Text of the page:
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The above image is from the 1982 title Microsurgeon, one of the many that are getting nods from an unsuspected group of people — museum curators. Reaching beyond the  much exhausted ‘Video Games As Art And Culture’ argument, this fine group of people essentially says “yes, video games are and they deserve to be appreciated as such.”

More than just talk, they back it up by opening up museum exhibitions like those found in Germany and Rochester, N.Y. Now, gamers can add two more to their list of places to visit — the mecca of the gaming world San Francisco, Calif., and Washington D.C. Unlike the fun-to-say-three-times Computerspiele (Berlin) and hard to find ICHEG (Rochester), the two new exhibits are treating games like they are supposed to be treated — for the gamers.

The San Francisco Museum of Art and Digital Entertainment (MADE) is on a mission, one that posits “[a]ll exhibits should be playable: games are to be played, not viewed from afar or watched on video.” This is a far cry from the antique-roadshow slant of other game museums. According to MADE’s director, Alex Handy, this will be one of the many features of this unique space housing items from his own personal collection as well as those of others.

MADE is still in the development stage and plans on getting its start with traveling exhibits and social events. Handy gives the museum 15 years before it is fully ramped. By that time, he hopes it will be as big as the Guggenheim.

More than 2,000 miles across the country, a heavy hitter in the museum scene is creating its own video game exhibit which it plans on unveiling March 16, 2012. For a little more than six months, the Smithsonian American Art Museum will host The Art of Video Games. Since we’re throwing numbers around — approximately 42,000 people from all over the world visit this particular museum per month according to the Smithsonian. That means nearly 250,000 people will enrich their cultural sensibilities with video games.

What’s even more significant is the fact gamers get to vote on what games are shown to these 250,000 through a special website. Games are broken down into five eras (Start!, 8-Bit, Bit Wars!, Transition and Next Generation) and touch upon all the main consoles from the Atari VCS to the Playstation 3. You’ll be surprised by what games the Smithsonian is considering.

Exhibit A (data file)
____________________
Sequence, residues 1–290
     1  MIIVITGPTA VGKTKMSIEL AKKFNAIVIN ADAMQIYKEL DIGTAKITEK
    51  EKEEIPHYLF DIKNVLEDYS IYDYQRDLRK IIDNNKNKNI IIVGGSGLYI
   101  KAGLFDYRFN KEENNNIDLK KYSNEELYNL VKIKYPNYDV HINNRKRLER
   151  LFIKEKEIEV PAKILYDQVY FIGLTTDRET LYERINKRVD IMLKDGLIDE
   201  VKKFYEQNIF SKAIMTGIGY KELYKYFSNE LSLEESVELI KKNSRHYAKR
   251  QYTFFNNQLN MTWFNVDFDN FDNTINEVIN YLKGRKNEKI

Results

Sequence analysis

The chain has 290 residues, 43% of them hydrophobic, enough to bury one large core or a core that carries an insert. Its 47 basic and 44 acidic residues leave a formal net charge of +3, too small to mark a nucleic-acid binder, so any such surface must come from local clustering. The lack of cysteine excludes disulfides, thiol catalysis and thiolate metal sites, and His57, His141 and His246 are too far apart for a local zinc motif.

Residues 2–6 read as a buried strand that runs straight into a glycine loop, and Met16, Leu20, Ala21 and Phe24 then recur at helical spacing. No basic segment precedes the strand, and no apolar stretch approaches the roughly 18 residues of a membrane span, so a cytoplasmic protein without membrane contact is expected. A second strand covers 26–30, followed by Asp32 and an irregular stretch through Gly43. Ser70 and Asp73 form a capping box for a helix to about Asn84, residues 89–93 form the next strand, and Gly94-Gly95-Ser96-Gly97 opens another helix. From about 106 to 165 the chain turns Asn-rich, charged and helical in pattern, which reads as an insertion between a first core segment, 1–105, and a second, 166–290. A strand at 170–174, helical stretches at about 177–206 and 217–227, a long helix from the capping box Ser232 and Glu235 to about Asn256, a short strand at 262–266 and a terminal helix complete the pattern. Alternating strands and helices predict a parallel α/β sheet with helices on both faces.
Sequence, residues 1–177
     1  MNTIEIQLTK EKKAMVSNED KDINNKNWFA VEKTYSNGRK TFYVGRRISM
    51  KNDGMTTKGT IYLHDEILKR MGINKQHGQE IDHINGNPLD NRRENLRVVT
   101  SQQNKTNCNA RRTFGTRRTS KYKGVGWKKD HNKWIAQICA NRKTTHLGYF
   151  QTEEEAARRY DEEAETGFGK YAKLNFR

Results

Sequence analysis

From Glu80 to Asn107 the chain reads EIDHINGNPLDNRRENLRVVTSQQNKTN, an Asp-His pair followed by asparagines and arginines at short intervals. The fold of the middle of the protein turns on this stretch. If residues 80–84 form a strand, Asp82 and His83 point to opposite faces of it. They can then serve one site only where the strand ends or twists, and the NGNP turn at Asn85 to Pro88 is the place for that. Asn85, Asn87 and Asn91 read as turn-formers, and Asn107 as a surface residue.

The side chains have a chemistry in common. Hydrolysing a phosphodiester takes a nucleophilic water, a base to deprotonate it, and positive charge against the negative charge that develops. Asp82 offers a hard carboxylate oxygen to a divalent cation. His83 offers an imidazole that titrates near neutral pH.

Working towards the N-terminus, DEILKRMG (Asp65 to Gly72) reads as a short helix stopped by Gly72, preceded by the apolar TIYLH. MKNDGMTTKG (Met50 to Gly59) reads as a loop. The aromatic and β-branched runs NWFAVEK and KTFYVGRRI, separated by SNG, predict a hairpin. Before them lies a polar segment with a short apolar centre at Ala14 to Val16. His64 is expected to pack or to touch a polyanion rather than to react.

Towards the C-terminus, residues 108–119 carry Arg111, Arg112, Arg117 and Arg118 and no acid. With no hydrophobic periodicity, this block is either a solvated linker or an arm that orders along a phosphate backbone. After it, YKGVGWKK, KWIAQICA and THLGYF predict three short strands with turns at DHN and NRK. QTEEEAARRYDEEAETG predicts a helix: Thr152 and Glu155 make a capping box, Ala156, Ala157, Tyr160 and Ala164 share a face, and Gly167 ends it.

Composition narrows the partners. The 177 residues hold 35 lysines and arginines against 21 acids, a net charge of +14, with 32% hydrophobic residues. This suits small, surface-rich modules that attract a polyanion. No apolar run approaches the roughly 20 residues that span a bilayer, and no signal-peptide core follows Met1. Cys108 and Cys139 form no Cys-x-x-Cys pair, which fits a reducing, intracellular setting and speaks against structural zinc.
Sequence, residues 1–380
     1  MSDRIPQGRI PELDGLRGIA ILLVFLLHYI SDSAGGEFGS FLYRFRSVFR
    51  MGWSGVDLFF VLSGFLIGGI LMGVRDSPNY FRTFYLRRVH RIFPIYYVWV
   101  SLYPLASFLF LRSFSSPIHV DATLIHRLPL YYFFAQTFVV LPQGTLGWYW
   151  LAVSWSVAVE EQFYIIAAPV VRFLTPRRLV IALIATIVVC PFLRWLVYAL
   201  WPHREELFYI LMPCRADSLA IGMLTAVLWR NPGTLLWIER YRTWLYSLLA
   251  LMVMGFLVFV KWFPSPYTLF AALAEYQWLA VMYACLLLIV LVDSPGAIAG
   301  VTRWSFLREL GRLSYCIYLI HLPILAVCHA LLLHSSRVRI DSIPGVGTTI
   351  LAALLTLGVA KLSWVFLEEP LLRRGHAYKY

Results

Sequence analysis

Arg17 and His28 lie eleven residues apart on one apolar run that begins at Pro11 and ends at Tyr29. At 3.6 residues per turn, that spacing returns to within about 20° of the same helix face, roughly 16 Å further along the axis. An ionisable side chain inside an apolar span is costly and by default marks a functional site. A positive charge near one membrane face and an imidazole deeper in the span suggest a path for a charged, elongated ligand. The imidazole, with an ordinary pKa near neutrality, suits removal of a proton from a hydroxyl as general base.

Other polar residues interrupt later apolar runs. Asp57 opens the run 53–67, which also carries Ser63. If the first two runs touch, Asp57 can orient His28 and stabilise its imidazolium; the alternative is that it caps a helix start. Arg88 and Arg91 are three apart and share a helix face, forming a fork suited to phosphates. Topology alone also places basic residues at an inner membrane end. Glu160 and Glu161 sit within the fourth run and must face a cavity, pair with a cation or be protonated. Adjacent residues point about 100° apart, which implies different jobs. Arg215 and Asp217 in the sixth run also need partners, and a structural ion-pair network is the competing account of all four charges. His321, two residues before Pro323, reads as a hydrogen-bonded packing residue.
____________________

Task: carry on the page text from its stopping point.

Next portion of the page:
If ever video games are considered art, then they are part of a culture. For us as gamers to consider ourselves part of this culture, there is a mighty imperative that we participate in any way we can, whether if its volunteering to bolster a museum by gamers for gamers, or voting for your favorite games. Shameless plug or reach at dynamic journalism, I peppered this article with screenshots of some of the games I voted for. See below for more.

  1. avatar Sanders

    Ok….what you have hear is really more videogame art than videogames *as* art. There’s a big distinction.

    Really though it all comes down to how you define ‘art’, and if there’s no definitive answer to that (and I don’t think there ever will be) I don’t think the discussion is worth having. I agree that games are art, but that’s because they fit within my own rather broad definition.

    • avatar FreshestWun

      Dude, video game art are images (drawings, render screens, etc.) and music. Video games as art is exactly what homie is talking about — video games that should be played in the exhibit. MADE. Did you even read it?

      The fact that gamers get to vote for Smithsonian exhibit is dope, too. I don’t know what ur talking about.

  2. avatar Bolo

    Hey, calm down, guys. They’re not even having the argument. They’re ‘Moving On.’ I dig the whole thing. Intrigued by the moving art exhibit. MADE, come to Ohio!

  3. Art is in the eye of the beholder. By nature, it is subjective.

    When paintings on cave walls were cool enough, they became art.

    When storytelling became cool enough, it became “the art of storytelling”.

    When music was cool enough that people would go through the effort to record it, singers became “musical artists”.

    After the 1920s, when film was popularized, movies became “the art of filmmaking”.

    Games haven’t gotten mainstream enough yet for the masses to call it art.

    Throughout history, you had naysayers of art, calling all of the above “not art” through some sort of restrictive criterion they made up on the spot. The whole point of art is that there are no boundaries. I know Francisco dodged a bullet here (rightfully so!) on purpose, but if FreshestWun thinks video games are art – they’re art.

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